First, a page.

Feature

Fat phobia: The acceptable bigotry

In response to a blog that expressed revulsion at a new sitcom about a couple who meet at Overeaters Anonymous and fall in love, Marie Claire magazine received some 28,000 e-mails and a protest in front of its offices.

Our dirty little secret is out, said Sadie Stein in Jezebel.com. Hatred of fat people is the last acceptable form of bigotry in America. Marie Claire, a supposedly “forward-thinking ladymag,” apparently articulated what many size-2, image-obsessed young women think when its website carried a blog entitled “Should Fatties Get a Room? (Even on TV?)” The piece, by Maura Kelly, expressed revulsion at a new sitcom called Mike & Molly, about a couple who meet at Overeaters Anonymous and fall in love. “I’d be grossed out,” Kelly wrote, “if I had to watch two characters with rolls and rolls of fat kissing each other. I’d be grossed out if I had to watch them doing anything.” In the outrage that ensued—Marie Claire received some 28,000 e-mails on the post—readers called Kelly “fattist” and “ignorant” and held a protest in front of the magazine’s Manhattan offices. In her rueful apology, Kelly admitted that she’s a recovering anorexic with “a lifelong obsession with being thin.” Still, it’s telling that a mainstream magazine didn’t think twice about a piece expressing undisguised loathing of fat people.

So a fashion magazine thinks it’s gross to be fat, said Charlotte Hilton Andersen in HuffingtonPost.com. Now, there’s a shock. While “half the Internet” has attacked Kelly for her post, “she’s really not the problem. Many, many people feel this way.” The real issue is the collective self-loathing American women feel about our imperfect physiques—our terror of being considered even slightly overweight. In fairness to Kelly, it’s important to point out that about a third of our population is dangerously obese, said Bonnie Rochman in Time.com. Another third are overweight. For millions of Americans, rolls of fat are not merely an aesthetic problem but a threat to their health, which Kelly also pointed out in her post.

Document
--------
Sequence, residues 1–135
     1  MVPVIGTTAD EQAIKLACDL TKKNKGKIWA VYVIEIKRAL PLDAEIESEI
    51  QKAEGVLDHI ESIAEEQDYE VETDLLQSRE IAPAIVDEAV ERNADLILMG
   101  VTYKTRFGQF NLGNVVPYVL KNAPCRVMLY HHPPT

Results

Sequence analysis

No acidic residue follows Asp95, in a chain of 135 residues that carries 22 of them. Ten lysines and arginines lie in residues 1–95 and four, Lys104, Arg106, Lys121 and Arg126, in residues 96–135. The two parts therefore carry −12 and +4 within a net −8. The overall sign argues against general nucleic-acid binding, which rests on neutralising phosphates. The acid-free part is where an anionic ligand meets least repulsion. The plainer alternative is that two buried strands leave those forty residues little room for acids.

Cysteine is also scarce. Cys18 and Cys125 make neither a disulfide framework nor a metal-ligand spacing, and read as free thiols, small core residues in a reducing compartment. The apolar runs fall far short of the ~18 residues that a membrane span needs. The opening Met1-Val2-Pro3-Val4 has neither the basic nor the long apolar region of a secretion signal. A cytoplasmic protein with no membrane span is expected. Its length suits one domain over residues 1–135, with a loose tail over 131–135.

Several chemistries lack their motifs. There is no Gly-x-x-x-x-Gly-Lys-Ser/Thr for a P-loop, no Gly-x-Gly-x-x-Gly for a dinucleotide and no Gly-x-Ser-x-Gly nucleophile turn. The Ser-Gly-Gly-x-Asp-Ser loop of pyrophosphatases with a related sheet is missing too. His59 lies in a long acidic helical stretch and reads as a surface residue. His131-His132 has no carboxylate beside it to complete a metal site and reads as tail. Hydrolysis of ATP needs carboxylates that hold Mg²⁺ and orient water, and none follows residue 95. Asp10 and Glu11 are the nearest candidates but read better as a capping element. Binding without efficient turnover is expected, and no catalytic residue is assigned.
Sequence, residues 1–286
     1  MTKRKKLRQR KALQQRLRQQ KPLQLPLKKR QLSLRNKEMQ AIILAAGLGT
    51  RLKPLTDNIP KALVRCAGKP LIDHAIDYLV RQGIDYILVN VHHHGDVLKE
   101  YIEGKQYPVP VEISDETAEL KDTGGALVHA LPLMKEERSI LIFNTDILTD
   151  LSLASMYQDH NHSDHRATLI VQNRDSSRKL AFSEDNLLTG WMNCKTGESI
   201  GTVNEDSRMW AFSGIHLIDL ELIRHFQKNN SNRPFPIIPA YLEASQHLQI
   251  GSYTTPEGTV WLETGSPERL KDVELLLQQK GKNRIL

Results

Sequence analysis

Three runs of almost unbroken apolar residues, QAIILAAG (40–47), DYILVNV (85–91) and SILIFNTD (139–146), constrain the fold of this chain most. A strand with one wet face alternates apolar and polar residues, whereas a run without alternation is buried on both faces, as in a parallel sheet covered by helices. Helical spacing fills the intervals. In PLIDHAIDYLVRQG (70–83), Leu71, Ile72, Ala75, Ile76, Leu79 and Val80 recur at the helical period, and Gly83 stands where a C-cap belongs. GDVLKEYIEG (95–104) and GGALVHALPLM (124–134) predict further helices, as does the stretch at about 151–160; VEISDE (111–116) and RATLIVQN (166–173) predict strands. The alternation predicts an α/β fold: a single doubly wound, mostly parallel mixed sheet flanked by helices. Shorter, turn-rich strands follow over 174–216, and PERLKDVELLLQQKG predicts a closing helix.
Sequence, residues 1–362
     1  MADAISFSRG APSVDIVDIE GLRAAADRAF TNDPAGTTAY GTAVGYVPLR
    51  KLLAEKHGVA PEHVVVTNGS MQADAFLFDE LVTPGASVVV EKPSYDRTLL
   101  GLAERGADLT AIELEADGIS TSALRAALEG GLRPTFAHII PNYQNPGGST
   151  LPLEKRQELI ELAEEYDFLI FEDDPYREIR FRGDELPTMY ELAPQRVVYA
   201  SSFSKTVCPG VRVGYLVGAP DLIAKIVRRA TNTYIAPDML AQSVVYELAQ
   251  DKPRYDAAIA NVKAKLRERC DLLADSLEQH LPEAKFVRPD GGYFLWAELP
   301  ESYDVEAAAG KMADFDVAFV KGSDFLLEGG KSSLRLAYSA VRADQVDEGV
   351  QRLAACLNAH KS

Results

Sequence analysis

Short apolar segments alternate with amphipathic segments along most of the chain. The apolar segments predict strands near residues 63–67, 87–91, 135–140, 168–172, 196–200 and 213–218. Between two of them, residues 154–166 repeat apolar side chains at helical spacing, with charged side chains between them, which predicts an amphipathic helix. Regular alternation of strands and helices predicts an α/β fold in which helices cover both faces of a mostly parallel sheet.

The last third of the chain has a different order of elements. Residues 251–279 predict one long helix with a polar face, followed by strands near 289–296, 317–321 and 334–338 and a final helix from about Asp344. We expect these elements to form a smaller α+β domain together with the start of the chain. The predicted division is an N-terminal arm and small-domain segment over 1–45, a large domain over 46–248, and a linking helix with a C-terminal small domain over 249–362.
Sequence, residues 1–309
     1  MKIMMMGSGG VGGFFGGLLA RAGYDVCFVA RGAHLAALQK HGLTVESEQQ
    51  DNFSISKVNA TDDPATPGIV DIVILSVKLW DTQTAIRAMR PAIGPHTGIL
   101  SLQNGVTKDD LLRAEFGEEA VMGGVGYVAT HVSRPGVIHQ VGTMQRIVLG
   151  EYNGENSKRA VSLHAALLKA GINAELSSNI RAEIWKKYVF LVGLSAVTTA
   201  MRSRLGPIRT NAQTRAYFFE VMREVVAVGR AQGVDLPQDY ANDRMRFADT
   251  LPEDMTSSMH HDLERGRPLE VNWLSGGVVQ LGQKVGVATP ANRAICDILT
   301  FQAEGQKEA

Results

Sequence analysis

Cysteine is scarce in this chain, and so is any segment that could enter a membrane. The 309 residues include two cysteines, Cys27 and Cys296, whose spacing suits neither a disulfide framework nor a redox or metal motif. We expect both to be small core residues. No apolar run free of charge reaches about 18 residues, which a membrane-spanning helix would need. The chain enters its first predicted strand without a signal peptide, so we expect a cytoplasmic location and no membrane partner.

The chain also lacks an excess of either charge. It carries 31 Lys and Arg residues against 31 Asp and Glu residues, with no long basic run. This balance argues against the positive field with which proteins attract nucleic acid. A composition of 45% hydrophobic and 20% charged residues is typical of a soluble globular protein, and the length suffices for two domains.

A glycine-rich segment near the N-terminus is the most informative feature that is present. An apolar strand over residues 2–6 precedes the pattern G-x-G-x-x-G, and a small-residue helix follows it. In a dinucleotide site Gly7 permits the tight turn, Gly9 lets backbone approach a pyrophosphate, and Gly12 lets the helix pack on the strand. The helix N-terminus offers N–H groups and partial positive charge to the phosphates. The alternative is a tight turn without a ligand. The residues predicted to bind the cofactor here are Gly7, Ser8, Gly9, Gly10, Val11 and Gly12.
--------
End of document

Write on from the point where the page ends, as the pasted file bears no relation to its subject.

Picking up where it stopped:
Let’s not make excuses for this “heinous attack on human dignity,” said Josh Shahryar in HuffingtonPost.com. Just like blacks and gays, the overweight are treated as second-class citizens. On the job, studies show, they’re denied promotions and are paid less. Doctors often treat them with disdain. Marie Claire actually let a recovering anorexic use its website to mock a TV show in which two chubby people find love, which is akin to asking “an on-again-off-again KKK member to critique Roots.” There’s an “incredible amount of bias” in this country against overweight people, and it’s time we treated it like any other form of bigotry.

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